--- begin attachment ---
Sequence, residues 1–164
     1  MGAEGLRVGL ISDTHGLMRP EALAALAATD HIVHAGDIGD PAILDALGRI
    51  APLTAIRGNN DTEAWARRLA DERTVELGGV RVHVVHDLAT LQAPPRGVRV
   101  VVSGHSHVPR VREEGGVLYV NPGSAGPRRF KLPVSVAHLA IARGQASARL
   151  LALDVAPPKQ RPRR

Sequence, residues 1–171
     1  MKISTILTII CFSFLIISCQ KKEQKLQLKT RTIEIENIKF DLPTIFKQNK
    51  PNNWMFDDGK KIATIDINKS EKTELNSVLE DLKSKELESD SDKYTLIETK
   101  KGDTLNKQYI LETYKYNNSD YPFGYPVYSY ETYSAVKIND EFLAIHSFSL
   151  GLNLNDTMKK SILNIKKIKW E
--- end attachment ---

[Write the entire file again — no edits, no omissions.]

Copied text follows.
Sequence, residues 1–164
     1  MGAEGLRVGL ISDTHGLMRP EALAALAATD HIVHAGDIGD PAILDALGRI
    51  APLTAIRGNN DTEAWARRLA DERTVELGGV RVHVVHDLAT LQAPPRGVRV
   101  VVSGHSHVPR VREEGGVLYV NPGSAGPRRF KLPVSVAHLA IARGQASARL
   151  LALDVAPPKQ RPRR

Sequence, residues 1–171
     1  MKISTILTII CFSFLIISCQ KKEQKLQLKT RTIEIENIKF DLPTIFKQNK
    51  PNNWMFDDGK KIATIDINKS EKTELNSVLE DLKSKELESD SDKYTLIETK
   101  KGDTLNKQYI LETYKYNNSD YPFGYPVYSY ETYSAVKIND EFLAIHSFSL
   151  GLNLNDTMKK SILNIKKIKW E